While the Hyphen War was not really a hot war (nor a cold war), it demonstrated differences between Czechs and Slovaks about their identity, that perhaps they really weren’t meant for each other. The slippery slope: the frequent bickering over minor issues, the trial separation, and in 1992, both sides said yes to splitsville. The country was split into two states – the Czech Republic and Slovakia – in what is called the Velvet Divorce (or for some, the Vel-vet Divorce).

 

 

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Posted in Wretched Richard's Almanac

MARCH 25, 2018: WAITER, THERE’S A LOBSTER ON MY WAFFLE

Today is International Waffle Day, a tradition that is celebrated worldwide but mostly in Sweden. It’s a day to enjoy – guess what? – eating waffles. The day may have arisen out of confusion. Waffle Day in Swedish, Våffeldagen, sounds a lot like Our Lady’s Day,Vårfrudagen, (you really have to be on a street in Stockholm to get the full effect), a Christian holiday also WAFLOBknown as Annunciation (the third Monday after Pronunciation), when the Archangel Gabriel told the Virgin Mary she was pregnant. Mary was understandably upset and did what any virgin would do upon being told she was pregnant – stuffed herself with waffles. Waffle Day also coincides with the beginning of Spring, another traditional day for eating waffles in Sweden. Therefore, if you see a Swede eating waffles today, you don’t know if it’s religious or secular or just hunger.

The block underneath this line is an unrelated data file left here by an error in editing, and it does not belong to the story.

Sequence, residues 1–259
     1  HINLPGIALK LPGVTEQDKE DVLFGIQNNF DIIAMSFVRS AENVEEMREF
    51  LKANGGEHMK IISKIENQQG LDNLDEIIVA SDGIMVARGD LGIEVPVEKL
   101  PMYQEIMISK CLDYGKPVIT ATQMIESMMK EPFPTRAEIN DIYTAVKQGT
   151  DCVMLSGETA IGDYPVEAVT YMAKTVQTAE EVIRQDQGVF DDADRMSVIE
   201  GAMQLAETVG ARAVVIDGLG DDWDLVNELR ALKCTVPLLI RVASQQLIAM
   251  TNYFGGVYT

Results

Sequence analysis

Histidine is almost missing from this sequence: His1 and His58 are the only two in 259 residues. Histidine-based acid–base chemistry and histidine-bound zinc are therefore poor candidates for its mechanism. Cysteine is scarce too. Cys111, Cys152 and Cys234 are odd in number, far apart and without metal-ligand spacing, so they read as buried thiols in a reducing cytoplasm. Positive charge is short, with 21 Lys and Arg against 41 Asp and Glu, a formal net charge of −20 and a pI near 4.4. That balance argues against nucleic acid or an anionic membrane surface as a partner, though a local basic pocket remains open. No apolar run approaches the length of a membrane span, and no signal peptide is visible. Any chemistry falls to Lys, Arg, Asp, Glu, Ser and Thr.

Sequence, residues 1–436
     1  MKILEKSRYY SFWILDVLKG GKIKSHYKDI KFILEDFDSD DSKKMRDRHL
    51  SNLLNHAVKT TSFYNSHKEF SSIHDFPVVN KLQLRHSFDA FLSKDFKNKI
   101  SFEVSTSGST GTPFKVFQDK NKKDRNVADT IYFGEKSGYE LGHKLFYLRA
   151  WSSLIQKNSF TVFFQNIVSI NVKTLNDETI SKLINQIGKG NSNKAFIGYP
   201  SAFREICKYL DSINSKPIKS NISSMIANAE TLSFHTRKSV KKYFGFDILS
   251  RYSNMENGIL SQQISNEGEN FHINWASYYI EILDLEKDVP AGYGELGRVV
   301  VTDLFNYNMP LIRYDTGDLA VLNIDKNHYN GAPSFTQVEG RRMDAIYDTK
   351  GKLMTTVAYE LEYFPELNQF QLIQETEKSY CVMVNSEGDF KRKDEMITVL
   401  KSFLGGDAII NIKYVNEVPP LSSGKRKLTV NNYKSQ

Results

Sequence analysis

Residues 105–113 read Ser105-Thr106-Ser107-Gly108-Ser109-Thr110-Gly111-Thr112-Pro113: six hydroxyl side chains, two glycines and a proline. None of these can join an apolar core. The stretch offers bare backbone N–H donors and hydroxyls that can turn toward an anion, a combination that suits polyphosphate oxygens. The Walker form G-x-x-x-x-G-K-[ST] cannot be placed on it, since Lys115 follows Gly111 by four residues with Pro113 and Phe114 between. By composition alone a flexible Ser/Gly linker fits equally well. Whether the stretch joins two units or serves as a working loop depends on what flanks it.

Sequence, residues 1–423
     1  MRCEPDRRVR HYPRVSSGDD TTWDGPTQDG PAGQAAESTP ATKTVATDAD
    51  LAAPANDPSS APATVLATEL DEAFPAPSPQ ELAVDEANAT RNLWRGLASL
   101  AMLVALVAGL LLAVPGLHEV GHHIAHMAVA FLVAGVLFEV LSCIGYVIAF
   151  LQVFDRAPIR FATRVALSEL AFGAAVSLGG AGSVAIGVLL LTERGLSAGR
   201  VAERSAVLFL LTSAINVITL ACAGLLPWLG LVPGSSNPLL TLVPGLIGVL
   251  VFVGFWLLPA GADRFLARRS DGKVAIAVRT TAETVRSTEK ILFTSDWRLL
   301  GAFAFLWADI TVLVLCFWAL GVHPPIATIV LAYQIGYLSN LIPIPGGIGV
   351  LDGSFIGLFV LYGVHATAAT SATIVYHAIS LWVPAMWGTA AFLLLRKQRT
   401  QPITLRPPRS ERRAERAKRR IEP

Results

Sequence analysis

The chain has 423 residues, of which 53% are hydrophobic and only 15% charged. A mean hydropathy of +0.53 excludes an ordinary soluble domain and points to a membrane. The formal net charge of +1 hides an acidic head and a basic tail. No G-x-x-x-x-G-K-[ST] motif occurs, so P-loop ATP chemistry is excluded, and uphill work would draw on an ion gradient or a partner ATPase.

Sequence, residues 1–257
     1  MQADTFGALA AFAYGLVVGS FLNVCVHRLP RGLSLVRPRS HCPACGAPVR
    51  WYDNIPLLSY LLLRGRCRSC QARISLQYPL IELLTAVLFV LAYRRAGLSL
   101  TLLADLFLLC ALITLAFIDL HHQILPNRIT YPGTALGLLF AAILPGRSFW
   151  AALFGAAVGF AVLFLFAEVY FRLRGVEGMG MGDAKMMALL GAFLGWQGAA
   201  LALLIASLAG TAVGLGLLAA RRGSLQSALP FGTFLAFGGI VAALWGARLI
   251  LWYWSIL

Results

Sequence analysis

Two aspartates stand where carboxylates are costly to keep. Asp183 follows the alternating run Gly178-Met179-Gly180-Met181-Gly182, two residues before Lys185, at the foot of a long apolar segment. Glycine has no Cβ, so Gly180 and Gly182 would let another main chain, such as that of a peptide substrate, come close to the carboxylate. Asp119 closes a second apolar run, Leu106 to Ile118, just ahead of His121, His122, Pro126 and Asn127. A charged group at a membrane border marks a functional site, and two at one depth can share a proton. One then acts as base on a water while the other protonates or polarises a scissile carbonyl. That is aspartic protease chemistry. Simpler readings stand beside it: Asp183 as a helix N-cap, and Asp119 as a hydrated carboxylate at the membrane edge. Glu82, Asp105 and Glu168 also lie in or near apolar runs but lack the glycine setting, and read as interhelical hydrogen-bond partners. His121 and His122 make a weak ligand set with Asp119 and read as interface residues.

More interesting facts:

Waffles were made with cheese and herbs in ancient Greece.

The familiar grid pattern of today’s waffles originated in the Middle Ages. Some waffles had fancier designs such as coats of arms,  landscapes and portraits of Middle Age people.